New research published in Cancer Discovery highlights the increased presence of genetic mutations in Latin American lung cancer patients with Native American ancestry. According to the findings of scientists collaborating from at Dana-Farber Cancer Institute, Harvard Medical School, and the Broad Institute, genomic and ancestry analyses showed that Native American ancestry among Latin American patients was linked to higher rates of mutations in the EGFR gene.
"Lung cancer is the leading cause of cancer mortality, both in the United States and globally, and understanding inherited risk factors for this disease may help us to identify populations that would benefit from increased screening efforts," said Matthew Meyerson, MD, Ph.D., and director of the Center for Cancer Genomics at Dana-Farber. "Previous work has demonstrated that EGFR-mutant lung cancer is more common among populations from East Asia compared with populations from North America or Europe, about 50 percent versus 10 percent of lung cancer cases, respectively. But it is not clear whether the ethnic difference in EGFR-mutant lung cancer is due to environmental or genetic factors.”
After conducting a genomic analysis of tumor data from 1,153 Latin American patients with lung cancer, the findings reported an association to increased mutations of EGFR in those individuals with Native American ancestry, regardless of smoking or non-smoking histories. The team conducted both global and local ancestry analyses in order to account for environmental exposures and socioeconomic status.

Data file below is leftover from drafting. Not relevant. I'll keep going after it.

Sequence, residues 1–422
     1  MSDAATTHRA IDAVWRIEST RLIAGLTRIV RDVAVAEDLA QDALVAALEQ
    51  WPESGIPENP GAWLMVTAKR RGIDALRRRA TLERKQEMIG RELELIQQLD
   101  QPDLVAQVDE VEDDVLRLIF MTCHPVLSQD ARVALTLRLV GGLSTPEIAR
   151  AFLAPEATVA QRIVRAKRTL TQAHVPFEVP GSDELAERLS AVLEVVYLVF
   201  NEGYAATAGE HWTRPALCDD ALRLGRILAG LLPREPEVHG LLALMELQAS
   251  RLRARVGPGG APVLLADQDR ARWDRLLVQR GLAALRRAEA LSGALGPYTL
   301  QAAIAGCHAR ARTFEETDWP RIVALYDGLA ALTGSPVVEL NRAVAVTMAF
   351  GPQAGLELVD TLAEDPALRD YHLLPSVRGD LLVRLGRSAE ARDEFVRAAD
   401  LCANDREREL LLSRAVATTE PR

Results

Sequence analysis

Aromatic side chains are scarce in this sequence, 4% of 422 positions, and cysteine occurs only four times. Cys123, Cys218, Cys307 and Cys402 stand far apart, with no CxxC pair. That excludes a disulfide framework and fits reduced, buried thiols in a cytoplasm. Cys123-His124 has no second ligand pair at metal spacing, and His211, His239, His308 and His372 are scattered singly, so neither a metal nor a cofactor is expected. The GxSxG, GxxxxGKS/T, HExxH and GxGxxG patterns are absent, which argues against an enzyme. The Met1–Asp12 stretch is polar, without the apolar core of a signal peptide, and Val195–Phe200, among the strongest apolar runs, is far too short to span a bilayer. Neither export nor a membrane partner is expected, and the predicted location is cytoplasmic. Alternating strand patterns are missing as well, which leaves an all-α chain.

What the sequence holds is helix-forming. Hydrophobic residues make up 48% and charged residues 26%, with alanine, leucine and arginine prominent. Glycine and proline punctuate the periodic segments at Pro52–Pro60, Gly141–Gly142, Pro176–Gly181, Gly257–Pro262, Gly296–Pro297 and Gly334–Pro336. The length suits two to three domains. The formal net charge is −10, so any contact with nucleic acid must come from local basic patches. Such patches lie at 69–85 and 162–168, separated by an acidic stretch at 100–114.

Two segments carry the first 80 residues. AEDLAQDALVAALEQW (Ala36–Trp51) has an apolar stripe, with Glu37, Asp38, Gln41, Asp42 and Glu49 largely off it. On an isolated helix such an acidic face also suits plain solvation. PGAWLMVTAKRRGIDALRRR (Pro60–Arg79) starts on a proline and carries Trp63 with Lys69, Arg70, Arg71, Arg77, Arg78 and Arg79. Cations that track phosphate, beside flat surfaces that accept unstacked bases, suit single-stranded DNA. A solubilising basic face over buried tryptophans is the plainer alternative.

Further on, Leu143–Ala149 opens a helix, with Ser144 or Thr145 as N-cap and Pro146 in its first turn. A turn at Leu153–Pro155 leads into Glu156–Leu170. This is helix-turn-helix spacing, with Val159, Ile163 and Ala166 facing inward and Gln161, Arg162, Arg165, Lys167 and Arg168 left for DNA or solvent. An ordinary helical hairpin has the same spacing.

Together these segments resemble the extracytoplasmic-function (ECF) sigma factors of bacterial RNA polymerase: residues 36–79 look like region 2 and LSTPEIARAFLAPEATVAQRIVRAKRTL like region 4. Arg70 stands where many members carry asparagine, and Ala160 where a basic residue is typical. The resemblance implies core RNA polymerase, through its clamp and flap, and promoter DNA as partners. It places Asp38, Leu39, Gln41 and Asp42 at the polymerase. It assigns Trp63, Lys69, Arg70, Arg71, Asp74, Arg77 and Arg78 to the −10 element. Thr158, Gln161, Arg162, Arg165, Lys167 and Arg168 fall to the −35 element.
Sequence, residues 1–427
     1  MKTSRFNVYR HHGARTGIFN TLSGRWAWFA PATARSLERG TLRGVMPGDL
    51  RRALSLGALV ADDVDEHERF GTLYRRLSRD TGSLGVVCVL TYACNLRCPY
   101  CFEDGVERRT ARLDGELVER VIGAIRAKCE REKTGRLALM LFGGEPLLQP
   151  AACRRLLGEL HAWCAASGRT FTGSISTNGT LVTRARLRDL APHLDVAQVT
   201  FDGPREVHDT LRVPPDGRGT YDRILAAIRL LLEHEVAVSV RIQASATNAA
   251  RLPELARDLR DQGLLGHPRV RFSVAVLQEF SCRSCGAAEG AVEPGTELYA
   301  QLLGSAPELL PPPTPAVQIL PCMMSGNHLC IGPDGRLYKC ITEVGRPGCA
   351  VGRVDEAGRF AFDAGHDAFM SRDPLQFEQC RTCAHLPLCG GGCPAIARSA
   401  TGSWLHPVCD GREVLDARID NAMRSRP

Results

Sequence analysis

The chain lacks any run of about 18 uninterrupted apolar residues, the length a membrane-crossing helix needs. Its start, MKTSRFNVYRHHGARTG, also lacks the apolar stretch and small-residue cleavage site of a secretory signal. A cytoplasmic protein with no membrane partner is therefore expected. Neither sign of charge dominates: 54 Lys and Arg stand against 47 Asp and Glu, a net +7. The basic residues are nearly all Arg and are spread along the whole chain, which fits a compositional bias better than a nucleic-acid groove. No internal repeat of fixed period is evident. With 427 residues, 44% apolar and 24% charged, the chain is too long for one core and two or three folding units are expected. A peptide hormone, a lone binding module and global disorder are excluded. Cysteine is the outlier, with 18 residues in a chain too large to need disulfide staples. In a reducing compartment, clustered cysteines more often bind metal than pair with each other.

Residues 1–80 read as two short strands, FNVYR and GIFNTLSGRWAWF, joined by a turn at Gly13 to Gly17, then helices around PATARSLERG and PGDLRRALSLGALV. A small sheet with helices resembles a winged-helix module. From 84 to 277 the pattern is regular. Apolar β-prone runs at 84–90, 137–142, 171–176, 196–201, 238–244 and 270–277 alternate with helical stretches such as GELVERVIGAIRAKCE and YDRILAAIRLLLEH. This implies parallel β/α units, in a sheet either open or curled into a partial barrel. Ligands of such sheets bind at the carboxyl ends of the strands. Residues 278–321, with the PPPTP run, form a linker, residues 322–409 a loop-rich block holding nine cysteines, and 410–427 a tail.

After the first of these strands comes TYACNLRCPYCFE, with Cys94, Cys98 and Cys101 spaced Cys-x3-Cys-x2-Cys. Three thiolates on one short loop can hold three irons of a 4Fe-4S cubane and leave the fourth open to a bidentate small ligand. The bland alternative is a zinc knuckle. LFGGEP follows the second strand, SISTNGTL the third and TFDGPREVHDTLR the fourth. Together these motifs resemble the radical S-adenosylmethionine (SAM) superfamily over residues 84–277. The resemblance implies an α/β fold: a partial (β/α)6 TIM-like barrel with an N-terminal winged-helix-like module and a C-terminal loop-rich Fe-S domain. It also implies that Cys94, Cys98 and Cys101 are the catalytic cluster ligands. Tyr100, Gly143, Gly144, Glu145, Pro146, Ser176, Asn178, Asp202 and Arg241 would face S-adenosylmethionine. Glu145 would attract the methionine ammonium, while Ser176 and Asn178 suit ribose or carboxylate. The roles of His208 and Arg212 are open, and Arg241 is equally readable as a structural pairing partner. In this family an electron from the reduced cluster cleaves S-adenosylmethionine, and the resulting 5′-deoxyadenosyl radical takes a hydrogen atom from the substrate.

"Smoking increases the risk for KRAS-mutant lung cancers, while patients with lung cancer who are non-smokers more often develop EGFR-mutant lung cancer," Meyerson explained. "However, we show in our study that EGFR-mutant lung cancer is also elevated among smokers with Native American ancestry."
This information may help improve early screening among certain populations in addition to providing insight for precision medicine treatment plans. "Many lung cancers are now treatable with targeted therapy or immunotherapy," Meyerson concluded. "It is very important for patients with lung cancer to undergo somatic genetic testing to determine which treatments are most likely to be effective for their particular cancer."